Carr plans to spread new wealth after Raiders contract extension

ALAMEDA – Derek Carr isn’t one for extravagance. The low-key Raiders quarterback already has some nice cars, a house and some luxury items to his name, but signing a $125 million contract extension Friday morning won't prompt a spending spree.

Cornerback Sean Smith suggested he get a Bugatti. That’s a $1 million car.

“Yeah,” Carr said with a smirk. “That’s not going to happen.”

That isn’t the 26-year old’s style. Carr had a his own plan after signing on the dotted line.

“I’ve been eating clean,” Carr said. “I’ll probably get Chick-fil-A.”

That makes sense. This is a guy who celebrated his first NFL victory with a trip through a Carl’s Jr. drive-in.

There will be other purchases. His wife Heather will get something nice in the near future. His family, especially Heather and sons Dallas and Deker, will be taken care of for life.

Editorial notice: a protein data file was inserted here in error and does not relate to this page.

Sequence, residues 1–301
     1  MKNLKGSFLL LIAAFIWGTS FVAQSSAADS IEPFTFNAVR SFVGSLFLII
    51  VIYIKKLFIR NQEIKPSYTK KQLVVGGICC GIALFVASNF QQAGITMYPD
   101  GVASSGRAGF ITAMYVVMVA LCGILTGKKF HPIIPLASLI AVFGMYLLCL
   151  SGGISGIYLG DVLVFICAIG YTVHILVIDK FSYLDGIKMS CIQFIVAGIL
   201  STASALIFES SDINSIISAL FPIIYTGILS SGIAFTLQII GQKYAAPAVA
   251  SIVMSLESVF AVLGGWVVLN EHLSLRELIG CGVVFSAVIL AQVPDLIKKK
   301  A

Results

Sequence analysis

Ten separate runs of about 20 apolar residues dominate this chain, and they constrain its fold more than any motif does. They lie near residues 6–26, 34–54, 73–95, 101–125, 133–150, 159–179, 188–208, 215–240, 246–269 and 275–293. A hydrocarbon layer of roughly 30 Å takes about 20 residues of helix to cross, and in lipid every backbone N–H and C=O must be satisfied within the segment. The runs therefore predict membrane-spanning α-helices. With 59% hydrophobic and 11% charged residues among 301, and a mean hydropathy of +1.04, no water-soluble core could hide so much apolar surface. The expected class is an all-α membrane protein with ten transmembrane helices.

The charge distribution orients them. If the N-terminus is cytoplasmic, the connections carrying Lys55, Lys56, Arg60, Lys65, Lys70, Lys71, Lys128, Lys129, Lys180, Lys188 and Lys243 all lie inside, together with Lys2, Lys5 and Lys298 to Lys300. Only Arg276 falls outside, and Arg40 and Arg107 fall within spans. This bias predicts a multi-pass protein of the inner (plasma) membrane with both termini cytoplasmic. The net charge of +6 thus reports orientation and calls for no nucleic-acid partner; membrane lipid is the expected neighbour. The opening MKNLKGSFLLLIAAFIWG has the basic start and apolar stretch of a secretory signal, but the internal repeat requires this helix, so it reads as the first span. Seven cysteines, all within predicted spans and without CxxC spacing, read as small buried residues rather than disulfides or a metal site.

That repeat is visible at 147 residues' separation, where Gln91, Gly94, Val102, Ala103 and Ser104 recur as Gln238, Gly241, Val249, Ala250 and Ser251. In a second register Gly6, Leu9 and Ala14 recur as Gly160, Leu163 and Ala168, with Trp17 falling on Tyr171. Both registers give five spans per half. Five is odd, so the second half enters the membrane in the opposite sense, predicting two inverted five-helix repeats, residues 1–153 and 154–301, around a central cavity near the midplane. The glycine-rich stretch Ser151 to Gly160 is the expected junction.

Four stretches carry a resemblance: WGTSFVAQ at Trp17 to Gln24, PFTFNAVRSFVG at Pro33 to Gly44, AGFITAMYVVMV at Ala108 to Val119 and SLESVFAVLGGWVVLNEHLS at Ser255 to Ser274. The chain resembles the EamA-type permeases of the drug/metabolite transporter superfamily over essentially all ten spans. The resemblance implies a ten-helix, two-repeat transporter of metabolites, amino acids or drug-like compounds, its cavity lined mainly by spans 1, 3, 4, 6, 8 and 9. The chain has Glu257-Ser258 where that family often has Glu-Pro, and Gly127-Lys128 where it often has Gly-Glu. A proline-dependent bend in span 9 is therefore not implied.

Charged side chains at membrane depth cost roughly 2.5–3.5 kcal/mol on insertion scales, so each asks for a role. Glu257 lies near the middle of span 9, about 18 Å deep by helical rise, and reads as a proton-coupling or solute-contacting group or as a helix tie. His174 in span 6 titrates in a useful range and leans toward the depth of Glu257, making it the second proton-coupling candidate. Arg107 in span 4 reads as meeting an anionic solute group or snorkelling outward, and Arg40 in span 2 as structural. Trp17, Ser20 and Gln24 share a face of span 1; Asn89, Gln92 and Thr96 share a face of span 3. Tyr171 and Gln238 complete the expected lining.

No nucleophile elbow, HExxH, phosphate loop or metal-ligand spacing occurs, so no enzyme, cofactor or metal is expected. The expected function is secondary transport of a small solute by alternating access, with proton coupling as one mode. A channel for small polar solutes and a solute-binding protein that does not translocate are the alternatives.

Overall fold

After all that, Carr plans to spread the wealth.

“The exciting thing for me moneywise, honestly, is this money is going to help a lot of people,” Carr said. “I’m very thankful to have it, that it’s in our hands because it’s going to help people. Not only in this country, but in a lot of countries around the world. That’s what’s exciting to me.”

Carr and former Raiders running back Latavius Murray took a missionary trip to Haiti, an impoverished nation had a profound impact on the star quarterback.

“I’ve been down to Haiti and I’ve seen some of those struggles that they have and the kids there, and my heart just… I cry sometimes thinking about it,” Carr said. “So, just knowing that we can go down there and make a difference and help, those are the kind of things that the money makes me kind of like, ‘Oh my gosh.’ Because now we can really do some things to help a lot of people.”

He plans to support those in that area, in addition to global and domestic charities he has been involved with over the years. Don’t expect a press release accompanying every donation. Carr would rather keep those decisions private.